The current form is just above average – it’s nice and concise, the hero shots are all interesting and the referrer information field is hidden, which helps to eliminate confusion among average voters looking to donate. The most intriguing element is that in some of the tests a small video appears next to the form as opposed to a patriotic photo of Romney. I would be interested to know what the results are for that test.
Our mocked up optimized form: First and foremost, the form sections were rearranged. The credit card information was pushed to the bottom and replaced with the user’s personal information. Asking for credit card information up front can lead to a higher abandonment rate. Second, the form fields were made darker so that they are easier to find and complete. Older voters are highly coveted, so it’s important to make everything as easy to see as possible.
The hero shot was next on my list. It was updated, and like I did with Obama, Romney’s signature was added below the photo and copy asking for donations. Spoiler alert: I like adding the candidate’s signatures!
The mast was trimmed to remove competing calls to action and a stronger headline with instructional copy was added at the top of the form to help users easily understand what to do and how to do it.
The checkbox to “Confirm eligibility” section was removed and the call-to-action button was enlarged, made green, and moved closer to the form. The small print was pushed below the button and changed to indicate that the user confirms their eligibility when they click the donate button. The result is one less step in the form for users to complete, an easier to find call-to-action button, and less distracting small print.
The original form: Santorum and his team do the best job of attempting to keep the pertinent information above the fold and the blue background makes it easier for users to see the form fields. They also include a phone number at the top of the page, giving users an outlet to seek answers if they are hesitant to fill out a web form. While the Santorum form achieves some of the basic premises we’ve discussed, there are several small changes that will improve its success rate almost instantly.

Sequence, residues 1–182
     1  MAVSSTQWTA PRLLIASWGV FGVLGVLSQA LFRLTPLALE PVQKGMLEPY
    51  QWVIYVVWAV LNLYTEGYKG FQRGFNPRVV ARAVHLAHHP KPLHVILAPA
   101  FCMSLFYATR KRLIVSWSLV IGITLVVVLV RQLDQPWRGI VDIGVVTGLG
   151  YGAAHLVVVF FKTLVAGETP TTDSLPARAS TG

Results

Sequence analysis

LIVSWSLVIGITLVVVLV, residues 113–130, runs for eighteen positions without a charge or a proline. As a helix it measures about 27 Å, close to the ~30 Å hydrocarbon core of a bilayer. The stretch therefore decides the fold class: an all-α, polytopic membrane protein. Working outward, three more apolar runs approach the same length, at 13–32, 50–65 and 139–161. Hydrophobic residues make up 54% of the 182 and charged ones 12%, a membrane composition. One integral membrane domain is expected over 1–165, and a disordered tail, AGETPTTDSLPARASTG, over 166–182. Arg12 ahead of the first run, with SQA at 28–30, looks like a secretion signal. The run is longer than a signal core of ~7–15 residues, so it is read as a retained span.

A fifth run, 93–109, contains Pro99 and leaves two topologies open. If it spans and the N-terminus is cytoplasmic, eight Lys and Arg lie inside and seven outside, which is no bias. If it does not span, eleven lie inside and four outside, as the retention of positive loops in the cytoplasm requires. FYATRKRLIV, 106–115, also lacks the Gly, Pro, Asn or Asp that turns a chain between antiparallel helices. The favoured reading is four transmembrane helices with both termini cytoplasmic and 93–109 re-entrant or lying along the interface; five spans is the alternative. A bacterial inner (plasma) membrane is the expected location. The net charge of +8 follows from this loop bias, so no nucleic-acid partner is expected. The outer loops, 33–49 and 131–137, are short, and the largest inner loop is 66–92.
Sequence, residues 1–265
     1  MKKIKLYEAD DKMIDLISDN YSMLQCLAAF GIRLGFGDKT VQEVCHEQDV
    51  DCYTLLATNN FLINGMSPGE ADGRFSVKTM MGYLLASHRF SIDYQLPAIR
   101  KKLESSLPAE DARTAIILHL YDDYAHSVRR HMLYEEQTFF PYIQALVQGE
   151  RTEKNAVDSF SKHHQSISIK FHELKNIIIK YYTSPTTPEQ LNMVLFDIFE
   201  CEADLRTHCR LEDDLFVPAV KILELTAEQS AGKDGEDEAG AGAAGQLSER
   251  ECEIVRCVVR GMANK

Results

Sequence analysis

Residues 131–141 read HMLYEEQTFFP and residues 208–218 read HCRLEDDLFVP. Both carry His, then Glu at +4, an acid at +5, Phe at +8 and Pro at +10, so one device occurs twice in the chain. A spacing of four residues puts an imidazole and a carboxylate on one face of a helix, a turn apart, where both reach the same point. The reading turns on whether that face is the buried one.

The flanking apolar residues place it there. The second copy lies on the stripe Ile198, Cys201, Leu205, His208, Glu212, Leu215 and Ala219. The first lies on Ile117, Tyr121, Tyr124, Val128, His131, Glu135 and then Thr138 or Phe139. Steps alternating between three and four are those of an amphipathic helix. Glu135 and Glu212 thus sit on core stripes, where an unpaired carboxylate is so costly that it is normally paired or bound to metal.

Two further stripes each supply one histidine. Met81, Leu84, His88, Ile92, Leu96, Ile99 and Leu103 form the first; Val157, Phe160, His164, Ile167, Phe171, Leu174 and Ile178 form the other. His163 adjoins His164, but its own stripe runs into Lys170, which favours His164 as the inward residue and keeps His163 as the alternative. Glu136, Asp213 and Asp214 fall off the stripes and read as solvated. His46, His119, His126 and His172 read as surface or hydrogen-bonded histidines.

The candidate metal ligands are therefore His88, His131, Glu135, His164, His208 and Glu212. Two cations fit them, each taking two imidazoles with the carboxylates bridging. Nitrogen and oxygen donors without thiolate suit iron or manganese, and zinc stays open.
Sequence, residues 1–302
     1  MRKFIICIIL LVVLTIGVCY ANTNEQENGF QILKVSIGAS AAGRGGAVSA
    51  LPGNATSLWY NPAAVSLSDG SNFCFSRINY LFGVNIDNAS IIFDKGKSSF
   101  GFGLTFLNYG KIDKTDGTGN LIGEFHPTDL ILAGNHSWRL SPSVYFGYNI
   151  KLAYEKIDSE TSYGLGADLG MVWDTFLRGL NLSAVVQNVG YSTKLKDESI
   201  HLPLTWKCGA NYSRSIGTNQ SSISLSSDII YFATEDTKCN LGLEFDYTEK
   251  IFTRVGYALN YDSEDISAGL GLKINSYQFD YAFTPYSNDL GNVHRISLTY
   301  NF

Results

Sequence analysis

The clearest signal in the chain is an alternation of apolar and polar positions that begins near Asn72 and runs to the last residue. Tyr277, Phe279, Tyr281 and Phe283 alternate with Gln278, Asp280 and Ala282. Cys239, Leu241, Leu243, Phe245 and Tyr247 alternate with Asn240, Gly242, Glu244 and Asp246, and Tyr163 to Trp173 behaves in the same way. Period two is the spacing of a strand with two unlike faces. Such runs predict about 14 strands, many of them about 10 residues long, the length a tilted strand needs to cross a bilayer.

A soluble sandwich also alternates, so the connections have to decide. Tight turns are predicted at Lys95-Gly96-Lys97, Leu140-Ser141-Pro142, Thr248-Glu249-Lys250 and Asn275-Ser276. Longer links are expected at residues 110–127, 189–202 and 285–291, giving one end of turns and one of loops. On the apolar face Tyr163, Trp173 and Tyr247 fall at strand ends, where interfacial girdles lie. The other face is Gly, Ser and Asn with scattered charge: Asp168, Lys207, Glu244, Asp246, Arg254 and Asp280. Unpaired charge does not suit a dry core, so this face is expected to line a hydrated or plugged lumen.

Our mocked up optimized form: The headline and copy at the top of the form has been updated and a hero shot of Santorum and his wife campaigning were added. The “Contribution Amount” section was rearranged changing the donation amounts from the control version’s large -> small to small -> large. Don’t scare off potential donors by putting a suggested amount of $2,500 as the first thing a user will see. The sticker shock of that number may lead to a high abandonment rate so it’s best to start small and gradually work up to the $2,500 price tag.
Santorum’s campaign accepts PayPal but doesn’t include it in the credit card information section. The PayPal option was added as well as the phone number for older voters who may be hesitant to put their credit card information online.
The call-to-action button color was changed and was made larger as well. Noticing a trend here?
The original form: The best thing that I can say about Newt’s campaign donation form is…that it works? There’s not much to like here, I’m afraid. Hey, I tried.